George,

    Perhaps this organization might clarify if they are related to the offset printing systems:

    http://www.printmuseum.org/

  9. #9
    Registered User George Nelson's Avatar
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    Default Re: Very Strange Weights (By: Dick C)

    Interesting comments, all! I was pretty sure when I bought them that they would not be for a clock, but took the chance just in case. The cost was very small, and I like to look at things in person anyway.

    Dick C., thanks for your research. I've fired off an e-mail with pictures to the Print Museum, and I'll report back if they can identify them.

    Jim D., thanks for the picture of the P/S box clock with the weight arrangement. While I'm now almost certain that the weights are not clock-related, I did think at first that they may have belonged to an early box or P/S clock.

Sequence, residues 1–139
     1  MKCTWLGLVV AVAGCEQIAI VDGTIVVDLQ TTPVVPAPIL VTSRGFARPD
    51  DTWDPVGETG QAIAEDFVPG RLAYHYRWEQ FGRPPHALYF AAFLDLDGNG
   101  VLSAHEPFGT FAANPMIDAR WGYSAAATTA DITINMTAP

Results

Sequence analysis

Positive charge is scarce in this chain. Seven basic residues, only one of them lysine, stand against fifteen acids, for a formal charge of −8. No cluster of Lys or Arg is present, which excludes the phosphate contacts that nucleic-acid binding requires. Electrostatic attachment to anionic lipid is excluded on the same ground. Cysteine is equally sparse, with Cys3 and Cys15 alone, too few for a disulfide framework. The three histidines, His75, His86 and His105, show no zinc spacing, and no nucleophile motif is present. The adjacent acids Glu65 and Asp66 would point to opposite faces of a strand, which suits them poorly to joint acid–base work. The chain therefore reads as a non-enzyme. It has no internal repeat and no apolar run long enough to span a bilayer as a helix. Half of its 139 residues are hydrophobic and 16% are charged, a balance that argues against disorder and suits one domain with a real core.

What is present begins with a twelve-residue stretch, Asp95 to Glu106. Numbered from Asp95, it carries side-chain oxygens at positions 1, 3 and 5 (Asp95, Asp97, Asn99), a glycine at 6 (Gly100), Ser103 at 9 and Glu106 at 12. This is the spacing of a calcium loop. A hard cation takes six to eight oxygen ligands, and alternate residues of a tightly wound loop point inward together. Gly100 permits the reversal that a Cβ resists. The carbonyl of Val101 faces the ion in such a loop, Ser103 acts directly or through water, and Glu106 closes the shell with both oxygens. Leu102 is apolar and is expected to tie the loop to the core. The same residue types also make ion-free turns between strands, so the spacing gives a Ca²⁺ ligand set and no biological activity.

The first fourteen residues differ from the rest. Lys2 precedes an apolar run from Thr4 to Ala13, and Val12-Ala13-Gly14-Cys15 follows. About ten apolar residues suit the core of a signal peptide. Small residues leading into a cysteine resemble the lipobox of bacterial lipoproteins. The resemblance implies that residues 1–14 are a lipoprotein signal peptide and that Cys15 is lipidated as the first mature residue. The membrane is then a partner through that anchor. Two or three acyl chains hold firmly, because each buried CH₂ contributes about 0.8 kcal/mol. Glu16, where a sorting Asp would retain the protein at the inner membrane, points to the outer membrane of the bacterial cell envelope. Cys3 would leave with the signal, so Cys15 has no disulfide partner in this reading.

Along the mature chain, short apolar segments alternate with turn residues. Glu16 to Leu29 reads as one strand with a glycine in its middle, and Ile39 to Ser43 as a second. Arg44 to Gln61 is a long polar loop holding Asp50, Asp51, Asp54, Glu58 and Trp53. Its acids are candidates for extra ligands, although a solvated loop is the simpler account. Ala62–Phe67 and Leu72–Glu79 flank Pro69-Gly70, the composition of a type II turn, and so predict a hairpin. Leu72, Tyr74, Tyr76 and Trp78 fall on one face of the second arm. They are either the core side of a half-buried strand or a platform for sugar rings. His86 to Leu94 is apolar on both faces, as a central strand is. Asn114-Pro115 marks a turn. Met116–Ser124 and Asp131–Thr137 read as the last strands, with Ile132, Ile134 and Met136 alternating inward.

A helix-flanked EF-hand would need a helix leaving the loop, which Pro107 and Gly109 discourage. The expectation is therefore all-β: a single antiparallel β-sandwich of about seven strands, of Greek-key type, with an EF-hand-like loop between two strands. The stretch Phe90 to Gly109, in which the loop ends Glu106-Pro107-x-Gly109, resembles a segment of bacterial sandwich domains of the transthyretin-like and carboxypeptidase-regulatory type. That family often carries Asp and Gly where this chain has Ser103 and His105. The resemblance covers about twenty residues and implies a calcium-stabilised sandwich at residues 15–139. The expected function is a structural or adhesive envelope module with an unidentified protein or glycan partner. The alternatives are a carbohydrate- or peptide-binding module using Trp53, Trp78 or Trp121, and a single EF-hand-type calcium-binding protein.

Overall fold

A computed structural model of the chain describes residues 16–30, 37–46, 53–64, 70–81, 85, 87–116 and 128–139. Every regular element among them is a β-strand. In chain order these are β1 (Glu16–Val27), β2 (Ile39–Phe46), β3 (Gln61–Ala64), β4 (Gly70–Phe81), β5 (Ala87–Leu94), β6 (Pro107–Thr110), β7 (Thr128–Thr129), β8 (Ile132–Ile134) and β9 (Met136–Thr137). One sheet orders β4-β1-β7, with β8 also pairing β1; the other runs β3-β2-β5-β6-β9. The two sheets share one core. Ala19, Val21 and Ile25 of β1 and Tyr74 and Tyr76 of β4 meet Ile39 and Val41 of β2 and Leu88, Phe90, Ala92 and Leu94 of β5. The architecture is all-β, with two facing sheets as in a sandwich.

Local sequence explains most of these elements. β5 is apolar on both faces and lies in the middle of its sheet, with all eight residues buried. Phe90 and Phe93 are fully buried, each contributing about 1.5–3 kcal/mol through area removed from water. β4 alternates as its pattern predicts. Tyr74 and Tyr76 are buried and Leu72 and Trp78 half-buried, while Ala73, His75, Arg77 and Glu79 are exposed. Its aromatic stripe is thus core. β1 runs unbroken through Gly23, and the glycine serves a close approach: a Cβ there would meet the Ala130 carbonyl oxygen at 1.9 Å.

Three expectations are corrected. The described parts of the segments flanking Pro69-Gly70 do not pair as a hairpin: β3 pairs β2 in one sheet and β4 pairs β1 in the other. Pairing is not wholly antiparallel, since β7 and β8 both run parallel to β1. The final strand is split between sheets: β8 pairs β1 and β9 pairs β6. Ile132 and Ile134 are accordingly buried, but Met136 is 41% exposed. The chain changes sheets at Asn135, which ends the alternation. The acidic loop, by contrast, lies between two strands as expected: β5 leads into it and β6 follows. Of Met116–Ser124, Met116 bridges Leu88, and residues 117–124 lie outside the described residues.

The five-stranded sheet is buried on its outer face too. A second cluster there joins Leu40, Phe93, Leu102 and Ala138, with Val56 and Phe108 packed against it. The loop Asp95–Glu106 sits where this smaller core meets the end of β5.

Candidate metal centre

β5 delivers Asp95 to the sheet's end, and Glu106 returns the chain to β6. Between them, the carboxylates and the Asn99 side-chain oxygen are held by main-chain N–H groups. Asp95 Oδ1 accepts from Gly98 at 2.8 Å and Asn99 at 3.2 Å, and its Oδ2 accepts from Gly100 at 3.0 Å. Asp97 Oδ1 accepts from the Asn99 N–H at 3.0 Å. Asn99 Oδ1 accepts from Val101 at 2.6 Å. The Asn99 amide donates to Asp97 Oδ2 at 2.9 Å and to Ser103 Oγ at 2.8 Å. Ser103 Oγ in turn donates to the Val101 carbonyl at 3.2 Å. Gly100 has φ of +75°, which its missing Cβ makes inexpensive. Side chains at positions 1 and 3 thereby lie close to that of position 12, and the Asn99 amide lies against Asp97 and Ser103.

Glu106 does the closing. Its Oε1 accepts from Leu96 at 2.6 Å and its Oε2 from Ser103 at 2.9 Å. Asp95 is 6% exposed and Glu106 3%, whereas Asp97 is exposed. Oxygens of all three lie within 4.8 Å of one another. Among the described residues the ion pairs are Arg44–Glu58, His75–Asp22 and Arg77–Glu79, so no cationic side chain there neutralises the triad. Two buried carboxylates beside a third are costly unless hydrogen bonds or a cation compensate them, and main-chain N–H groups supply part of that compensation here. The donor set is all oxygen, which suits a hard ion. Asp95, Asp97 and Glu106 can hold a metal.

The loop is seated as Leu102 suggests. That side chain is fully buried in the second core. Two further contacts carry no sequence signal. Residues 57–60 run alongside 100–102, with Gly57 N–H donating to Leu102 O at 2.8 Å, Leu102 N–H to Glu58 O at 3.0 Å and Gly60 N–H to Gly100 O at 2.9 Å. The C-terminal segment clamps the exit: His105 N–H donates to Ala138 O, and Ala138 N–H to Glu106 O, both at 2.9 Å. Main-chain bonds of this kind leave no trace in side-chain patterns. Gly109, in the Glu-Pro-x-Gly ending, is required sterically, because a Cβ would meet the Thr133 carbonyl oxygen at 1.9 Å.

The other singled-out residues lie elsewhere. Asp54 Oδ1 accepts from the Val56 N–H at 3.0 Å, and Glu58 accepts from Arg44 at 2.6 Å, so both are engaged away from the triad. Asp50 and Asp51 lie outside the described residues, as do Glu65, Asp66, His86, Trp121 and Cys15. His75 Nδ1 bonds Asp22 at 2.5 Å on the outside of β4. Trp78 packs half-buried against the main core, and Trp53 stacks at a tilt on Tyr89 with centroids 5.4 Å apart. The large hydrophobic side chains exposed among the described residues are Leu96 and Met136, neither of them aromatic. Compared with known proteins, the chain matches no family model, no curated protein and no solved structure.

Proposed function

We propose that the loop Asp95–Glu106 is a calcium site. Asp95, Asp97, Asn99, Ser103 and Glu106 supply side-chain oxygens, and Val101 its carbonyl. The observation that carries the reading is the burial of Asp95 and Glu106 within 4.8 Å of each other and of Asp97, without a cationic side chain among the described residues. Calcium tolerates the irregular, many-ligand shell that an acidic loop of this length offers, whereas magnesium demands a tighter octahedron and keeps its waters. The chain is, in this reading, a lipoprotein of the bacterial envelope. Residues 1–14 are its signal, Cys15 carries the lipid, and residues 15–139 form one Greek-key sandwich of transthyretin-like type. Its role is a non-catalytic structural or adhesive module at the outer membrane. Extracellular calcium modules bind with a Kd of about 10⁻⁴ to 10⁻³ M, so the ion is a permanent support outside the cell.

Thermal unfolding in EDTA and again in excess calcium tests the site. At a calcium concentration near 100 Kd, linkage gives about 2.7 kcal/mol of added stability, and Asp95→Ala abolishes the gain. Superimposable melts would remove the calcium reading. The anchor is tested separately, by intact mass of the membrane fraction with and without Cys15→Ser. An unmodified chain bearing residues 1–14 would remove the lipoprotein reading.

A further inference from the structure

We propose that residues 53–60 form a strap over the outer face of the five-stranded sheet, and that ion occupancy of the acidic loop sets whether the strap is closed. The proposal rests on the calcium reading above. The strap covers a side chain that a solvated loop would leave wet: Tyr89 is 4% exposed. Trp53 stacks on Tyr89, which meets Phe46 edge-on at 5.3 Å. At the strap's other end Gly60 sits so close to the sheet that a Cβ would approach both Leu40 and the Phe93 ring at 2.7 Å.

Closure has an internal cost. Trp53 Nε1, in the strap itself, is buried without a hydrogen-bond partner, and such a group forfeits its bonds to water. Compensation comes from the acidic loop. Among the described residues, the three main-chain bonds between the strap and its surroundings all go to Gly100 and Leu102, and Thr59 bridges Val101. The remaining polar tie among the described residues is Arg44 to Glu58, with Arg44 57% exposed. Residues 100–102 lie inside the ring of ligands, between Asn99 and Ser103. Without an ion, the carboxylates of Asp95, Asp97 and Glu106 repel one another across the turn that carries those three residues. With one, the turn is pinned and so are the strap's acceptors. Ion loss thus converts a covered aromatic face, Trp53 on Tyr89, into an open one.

THTanner, your observations make perfect sense, and bring up things I didn't have a clue about. Thanks for your thoughts and knowledge!

    Thanks to everyone-this little venture has been quite interesting!

    George
    Time is a great story teller... Irish Proverb

  10. #10
    Registered User Jim DuBois's Avatar
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    Default Re: Very Strange Weights (By: George Nelson)

    here is a bit better photo of the early P&S weights with built-in pulleys
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  11. #11
    Registered User George Nelson's Avatar
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    Default Re: Very Strange Weights (By: Jim DuBois)

    Very interesting, Jim! Any idea how much they weigh?

    George
    Time is a great story teller... Irish Proverb

  12. #12
    Registered User Jim DuBois's Avatar
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    Default Re: Very Strange Weights (By: George Nelson)